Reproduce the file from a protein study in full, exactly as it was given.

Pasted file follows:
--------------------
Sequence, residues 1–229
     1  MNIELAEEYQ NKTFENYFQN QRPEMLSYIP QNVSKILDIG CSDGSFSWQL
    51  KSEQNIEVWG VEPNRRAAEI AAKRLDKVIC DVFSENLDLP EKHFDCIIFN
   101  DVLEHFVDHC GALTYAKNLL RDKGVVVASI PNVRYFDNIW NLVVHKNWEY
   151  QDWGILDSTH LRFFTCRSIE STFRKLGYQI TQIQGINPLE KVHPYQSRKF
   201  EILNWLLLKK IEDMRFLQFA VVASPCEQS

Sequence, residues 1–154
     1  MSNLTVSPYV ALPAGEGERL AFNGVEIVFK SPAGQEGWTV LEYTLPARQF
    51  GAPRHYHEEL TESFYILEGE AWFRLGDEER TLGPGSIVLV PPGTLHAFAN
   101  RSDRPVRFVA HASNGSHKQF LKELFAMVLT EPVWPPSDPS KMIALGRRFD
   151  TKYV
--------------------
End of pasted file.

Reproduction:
Sequence, residues 1–229
     1  MNIELAEEYQ NKTFENYFQN QRPEMLSYIP QNVSKILDIG CSDGSFSWQL
    51  KSEQNIEVWG VEPNRRAAEI AAKRLDKVIC DVFSENLDLP EKHFDCIIFN
   101  DVLEHFVDHC GALTYAKNLL RDKGVVVASI PNVRYFDNIW NLVVHKNWEY
   151  QDWGILDSTH LRFFTCRSIE STFRKLGYQI TQIQGINPLE KVHPYQSRKF
   201  EILNWLLLKK IEDMRFLQFA VVASPCEQS

Sequence, residues 1–154
     1  MSNLTVSPYV ALPAGEGERL AFNGVEIVFK SPAGQEGWTV LEYTLPARQF
    51  GAPRHYHEEL TESFYILEGE AWFRLGDEER TLGPGSIVLV PPGTLHAFAN
   101  RSDRPVRFVA HASNGSHKQF LKELFAMVLT EPVWPPSDPS KMIALGRRFD
   151  TKYV